"Sometime What You Need Is A Thousand Words"

Why They Are Different And How They Got That Way

By Bill Dobbins

With human beings, the male is on average noticeably larger and stronger than the female.  There are many species in which this is not the case (ask a male Black Widow spider, for example), but the reasons for these specific gender differences in humans are based on sound biological and evolutionary principles.

To begin with, although she enters puberty and begins her adolescent growth spurt earlier than the male, the human female grows for a much shorter period of time.

Her endocrine system produces large amounts of female hormones (such as estrogen) and only small amounts of male hormones (testosterone). 

As a result, she is on average smaller than the male, with a smaller, lighter skeleton; she has more body fat and less muscle mass, particularly in the upper body.  Her pelvis is wider, her legs attach to the hips at a greater angle---making her mechanically less efficient---and her center of gravity is lower since a higher proportion of her body weight is located below the waist.

Why these differences?  For the most part, because the human female is biologically specialized for child-bearing.  Thus:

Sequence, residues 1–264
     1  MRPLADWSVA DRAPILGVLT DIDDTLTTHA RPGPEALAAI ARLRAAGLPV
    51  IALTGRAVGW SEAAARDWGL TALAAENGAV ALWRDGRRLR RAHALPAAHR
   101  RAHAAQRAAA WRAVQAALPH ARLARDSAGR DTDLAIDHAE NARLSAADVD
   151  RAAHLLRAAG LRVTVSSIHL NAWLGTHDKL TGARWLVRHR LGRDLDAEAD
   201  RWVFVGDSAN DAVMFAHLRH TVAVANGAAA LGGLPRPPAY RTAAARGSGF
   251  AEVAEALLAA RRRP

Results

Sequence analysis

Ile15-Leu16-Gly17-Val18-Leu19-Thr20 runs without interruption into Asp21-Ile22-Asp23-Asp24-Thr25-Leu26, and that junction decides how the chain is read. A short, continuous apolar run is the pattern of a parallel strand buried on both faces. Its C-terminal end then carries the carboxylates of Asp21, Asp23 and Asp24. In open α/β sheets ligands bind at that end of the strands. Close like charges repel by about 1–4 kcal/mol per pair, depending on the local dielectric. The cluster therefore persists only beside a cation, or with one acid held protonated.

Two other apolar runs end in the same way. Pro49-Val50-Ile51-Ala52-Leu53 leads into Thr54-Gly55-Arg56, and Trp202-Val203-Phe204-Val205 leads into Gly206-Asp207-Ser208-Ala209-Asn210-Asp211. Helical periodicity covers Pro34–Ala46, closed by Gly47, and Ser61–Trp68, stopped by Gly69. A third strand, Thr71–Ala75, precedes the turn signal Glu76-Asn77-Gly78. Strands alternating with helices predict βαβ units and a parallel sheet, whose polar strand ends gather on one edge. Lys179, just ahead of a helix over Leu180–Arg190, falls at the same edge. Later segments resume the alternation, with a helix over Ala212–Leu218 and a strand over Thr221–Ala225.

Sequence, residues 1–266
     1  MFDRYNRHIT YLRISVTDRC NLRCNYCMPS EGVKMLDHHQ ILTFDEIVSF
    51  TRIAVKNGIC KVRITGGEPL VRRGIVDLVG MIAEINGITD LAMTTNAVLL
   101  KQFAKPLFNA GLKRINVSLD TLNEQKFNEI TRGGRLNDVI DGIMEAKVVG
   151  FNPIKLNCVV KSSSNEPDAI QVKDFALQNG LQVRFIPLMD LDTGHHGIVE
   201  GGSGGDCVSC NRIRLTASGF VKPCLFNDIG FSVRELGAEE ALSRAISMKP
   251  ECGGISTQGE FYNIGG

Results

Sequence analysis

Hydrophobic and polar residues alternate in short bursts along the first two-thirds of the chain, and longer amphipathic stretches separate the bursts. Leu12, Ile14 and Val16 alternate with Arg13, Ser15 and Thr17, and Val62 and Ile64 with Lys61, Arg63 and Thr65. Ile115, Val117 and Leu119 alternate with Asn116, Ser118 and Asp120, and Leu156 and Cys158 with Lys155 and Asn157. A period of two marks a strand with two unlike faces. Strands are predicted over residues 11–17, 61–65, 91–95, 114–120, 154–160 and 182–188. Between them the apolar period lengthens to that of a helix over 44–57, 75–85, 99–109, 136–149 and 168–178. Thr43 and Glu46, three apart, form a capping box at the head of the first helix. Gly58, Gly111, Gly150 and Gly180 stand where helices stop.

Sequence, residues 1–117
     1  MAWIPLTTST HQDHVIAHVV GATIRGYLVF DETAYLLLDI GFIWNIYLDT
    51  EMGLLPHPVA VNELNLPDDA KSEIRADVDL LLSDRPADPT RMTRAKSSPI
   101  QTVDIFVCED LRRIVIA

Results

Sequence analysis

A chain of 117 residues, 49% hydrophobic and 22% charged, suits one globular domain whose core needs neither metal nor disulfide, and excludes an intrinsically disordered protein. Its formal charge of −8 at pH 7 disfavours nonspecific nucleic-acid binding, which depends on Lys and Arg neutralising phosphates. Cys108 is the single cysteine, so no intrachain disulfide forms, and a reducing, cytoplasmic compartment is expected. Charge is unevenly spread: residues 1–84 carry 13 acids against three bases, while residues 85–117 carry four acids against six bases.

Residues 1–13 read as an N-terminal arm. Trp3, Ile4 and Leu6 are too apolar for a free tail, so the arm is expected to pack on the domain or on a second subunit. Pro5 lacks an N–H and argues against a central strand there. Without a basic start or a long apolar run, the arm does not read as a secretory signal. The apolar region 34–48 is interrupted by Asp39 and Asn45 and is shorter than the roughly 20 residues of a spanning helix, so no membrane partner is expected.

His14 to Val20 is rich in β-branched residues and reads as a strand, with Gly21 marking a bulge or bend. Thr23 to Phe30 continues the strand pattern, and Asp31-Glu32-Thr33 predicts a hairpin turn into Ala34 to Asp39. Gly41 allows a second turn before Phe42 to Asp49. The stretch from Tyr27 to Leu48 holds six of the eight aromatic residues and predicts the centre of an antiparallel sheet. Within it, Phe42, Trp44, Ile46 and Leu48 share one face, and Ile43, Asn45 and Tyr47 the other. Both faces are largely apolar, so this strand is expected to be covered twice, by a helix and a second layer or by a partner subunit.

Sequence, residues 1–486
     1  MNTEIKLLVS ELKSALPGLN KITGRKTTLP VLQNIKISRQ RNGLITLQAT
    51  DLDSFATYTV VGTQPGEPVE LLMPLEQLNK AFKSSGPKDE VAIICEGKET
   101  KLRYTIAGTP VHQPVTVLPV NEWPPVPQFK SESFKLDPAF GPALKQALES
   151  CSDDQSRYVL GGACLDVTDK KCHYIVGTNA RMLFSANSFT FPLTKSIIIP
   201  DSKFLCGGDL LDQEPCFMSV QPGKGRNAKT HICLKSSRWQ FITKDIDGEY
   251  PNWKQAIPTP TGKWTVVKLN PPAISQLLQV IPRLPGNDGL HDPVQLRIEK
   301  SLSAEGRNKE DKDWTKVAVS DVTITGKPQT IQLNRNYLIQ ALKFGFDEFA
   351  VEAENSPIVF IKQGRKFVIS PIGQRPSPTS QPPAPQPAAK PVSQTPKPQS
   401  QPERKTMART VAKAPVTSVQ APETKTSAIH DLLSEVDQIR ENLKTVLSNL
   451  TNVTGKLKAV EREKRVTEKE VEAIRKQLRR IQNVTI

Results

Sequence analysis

(1) She grows for a shorter period of time so that she can bear children earlier without the energy demands of her own growth competing with the energy needs of the children she carries or nutures.

(2)  Her female hormones are closely associated with various reproductive functions.  But these hormones do not have the anabolic, muscle-building effectiveness of the corresponding male hormones, which is another factor limiting her ability to build strength and muscle mass.

(3)  Women have a wider pelvis to facilitate child-bearing; they have more body fat in order to provide adequate energy storage to enhance the chances of survival for themselves and their children during times of famine; and their lower center of gravity, however mechanically inefficient, is an bio-engineering solution to the problem of compensating for the extra weight of carrying a child.

In the evolution of the human species, women traditionally participated in the gathering of food and, in more recent history, the growing and harvesting of crops. But being specialized as child-bearers and nuturers rather than hunters and warriors they didn't need to be as big and muscular as the male.

Given this biological heritage, unless the species undergoes considerably evolutionary change in the future, women are always going to be weaker, slower and less athletically capable than males of the same size, genetic talent, and state of training. 

Nonetheless, the world is full of strong, well-trained women who can run faster and farther, hit a tennis ball better or who are stronger than lots of non-athletic, non-trained males.  A man had better be a hell of a tennis player before he undertakes to compete against the likes of Stefi Graf.  He'd better be quick before challenging Jackie Joyner-Kersee to a race.  And if a man is not a big, strong, well-trained weightlifter, he ought to think twice before getting into a strength contest with someone like world-class powerlifter/bodybuilder Bev Francis!

Or a contest in having babies, either!